“We have been so inundated with this because so many patients were on Levoxyl that we had to hire an interim part-time person to deal with all of the transitions. The switch involves much more than just writing a prescription. It involves explaining the transition to the patient, followed by them making a choice, issuing a new prescription, collecting blood work and ordering follow-up blood work,” he said. “It’s been an enormous drain.”

Hennessey said he has also experienced an influx of transitions at his practice.

Jeffrey R. Garber

Jeffrey R. Garber

“In the first couple of weeks of the shortage and subsequent recall, I was switching 10 to 15 patients from Levoxyl to other preparations each day,” Hennessey said.

Higher-risk patients, such as those with thyroid cancer, those who are elderly or with underlying cardiac disease, have been switched to another consistently available brand name drug for eventual same source consistency, whereas low-risk patients are allowed to transition to generic equivalents. He said all have been asked to return for follow-up testing on the new preparations. However, a patient’s preference regarding price is frequently the ultimate deciding factor.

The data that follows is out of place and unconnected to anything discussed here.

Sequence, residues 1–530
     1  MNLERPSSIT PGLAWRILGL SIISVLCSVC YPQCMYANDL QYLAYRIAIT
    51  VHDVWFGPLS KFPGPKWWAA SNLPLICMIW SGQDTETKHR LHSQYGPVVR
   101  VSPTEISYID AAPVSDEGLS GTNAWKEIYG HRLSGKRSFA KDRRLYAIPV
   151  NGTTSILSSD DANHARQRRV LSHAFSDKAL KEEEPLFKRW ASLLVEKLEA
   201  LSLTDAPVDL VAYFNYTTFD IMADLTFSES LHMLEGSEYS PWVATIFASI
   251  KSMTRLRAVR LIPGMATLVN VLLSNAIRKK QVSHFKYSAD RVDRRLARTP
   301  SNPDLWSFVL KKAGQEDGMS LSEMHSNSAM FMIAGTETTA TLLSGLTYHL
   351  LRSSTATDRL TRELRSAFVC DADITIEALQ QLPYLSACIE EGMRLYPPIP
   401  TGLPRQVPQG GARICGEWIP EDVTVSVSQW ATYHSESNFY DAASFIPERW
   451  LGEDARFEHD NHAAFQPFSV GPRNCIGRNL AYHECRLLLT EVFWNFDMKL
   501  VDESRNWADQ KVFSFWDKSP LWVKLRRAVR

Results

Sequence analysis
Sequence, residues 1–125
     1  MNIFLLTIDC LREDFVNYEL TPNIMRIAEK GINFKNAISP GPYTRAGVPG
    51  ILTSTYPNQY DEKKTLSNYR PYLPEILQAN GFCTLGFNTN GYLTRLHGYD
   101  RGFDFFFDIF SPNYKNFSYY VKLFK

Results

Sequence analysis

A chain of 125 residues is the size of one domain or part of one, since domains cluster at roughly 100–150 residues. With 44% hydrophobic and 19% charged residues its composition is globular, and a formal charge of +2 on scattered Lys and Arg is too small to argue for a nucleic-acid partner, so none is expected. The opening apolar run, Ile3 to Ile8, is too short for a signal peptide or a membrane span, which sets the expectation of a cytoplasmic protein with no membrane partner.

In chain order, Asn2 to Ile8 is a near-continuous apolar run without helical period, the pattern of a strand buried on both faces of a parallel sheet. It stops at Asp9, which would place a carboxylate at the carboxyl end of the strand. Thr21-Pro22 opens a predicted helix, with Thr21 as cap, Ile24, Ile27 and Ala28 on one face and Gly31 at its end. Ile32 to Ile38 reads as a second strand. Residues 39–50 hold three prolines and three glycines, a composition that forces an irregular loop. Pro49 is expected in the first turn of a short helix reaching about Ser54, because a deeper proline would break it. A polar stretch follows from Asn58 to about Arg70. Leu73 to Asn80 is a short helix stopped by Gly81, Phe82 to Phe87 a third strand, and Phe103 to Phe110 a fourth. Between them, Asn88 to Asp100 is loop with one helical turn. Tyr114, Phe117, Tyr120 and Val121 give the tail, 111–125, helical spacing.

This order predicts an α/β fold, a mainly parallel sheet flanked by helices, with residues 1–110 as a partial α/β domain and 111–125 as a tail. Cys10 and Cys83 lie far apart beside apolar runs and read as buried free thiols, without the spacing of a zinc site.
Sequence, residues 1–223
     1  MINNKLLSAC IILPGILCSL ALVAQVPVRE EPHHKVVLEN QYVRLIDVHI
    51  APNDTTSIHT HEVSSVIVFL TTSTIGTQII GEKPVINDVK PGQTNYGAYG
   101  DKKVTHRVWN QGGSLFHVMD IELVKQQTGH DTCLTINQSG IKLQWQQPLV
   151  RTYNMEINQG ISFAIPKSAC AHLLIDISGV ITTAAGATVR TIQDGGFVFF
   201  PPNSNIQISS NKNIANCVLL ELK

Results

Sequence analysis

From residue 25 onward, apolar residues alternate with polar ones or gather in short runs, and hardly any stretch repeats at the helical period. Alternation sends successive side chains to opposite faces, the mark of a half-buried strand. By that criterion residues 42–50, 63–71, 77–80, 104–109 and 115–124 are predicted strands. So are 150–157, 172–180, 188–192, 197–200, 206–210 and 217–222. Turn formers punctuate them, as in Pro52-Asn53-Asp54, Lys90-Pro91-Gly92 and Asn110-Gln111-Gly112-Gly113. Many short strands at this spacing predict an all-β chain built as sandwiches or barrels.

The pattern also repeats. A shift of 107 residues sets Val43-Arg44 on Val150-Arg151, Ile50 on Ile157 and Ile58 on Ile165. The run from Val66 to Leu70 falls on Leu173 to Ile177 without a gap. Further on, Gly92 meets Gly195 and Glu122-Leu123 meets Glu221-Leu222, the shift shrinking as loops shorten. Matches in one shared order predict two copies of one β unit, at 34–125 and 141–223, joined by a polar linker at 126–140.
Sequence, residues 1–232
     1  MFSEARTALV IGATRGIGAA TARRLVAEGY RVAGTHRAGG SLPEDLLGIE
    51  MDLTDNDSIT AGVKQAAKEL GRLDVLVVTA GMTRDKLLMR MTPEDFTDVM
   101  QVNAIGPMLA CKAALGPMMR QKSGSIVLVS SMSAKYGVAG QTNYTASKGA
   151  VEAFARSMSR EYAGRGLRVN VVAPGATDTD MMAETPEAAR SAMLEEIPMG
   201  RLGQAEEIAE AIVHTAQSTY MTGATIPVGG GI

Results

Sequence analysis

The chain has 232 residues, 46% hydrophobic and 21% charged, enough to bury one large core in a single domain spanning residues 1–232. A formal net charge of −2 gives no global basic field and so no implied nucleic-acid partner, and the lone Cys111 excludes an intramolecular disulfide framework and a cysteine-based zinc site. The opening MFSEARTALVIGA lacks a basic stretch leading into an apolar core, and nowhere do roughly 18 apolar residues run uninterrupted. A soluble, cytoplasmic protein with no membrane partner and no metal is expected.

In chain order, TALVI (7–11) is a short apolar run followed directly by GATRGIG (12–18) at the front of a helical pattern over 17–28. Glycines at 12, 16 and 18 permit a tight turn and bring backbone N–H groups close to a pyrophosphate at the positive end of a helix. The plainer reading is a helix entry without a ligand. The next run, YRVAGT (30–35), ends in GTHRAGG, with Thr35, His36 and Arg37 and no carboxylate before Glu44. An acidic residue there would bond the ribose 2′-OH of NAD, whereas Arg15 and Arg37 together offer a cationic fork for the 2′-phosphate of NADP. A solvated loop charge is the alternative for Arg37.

Cappola also noted increased calls to her office due to the recall. “We have a choice to make. The data behind sticking with a brand name drug and the decision of whether to retest the TSH 6 weeks after the brand change is due to concerns in differences of absorption based on the brand,” she said.

Moving forward

Despite the burdens of transitioning patients from Levoxyl to other equivalents, the recall has not persuaded endocrinologists to use compounding pharmacies as an alternative at this time.

“Traditional endocrinologists are even less likely to go to compounding pharmacies now, based on the recent negative news,” Cappola said.

David S. Cooper, MD, of the division of endocrinology and metabolism, and professor of medicine at The Johns Hopkins University School of Medicine, said compounding pharmacies are not a consideration for his patients, adding that what matters for patients are consistencies from refill to refill.

David S. Cooper

David S. Cooper

“There are legitimate reasons why a patient might think that having a medicine made especially for them by a compounding pharmacy that either tastes better, comes in a different form or doesn’t have excipients in it might be ‘better.’ On the other hand, the problem is when we see patients that come to us with medicine from a compounding pharmacy, we never know whether this medicine has the actual potency and stability and how the manufacturing techniques are conducted,” Cooper said. “We have no idea whether these are medications we can trust or not, and that’s the bottom line.”

At the ATA Spring Symposium and Research Summit in Washington, D.C., Cooper spoke about biochemical and cardiac parameters associated with thyroid hormone. He said thyroid function tests may appear normal in a patient. However, when other measurements are collected from the blood, that patient may still appear to be hypothyroid biochemically or still have hypothyroid symptoms.

Similarly, Jeffrey Garber said more treatment options are needed.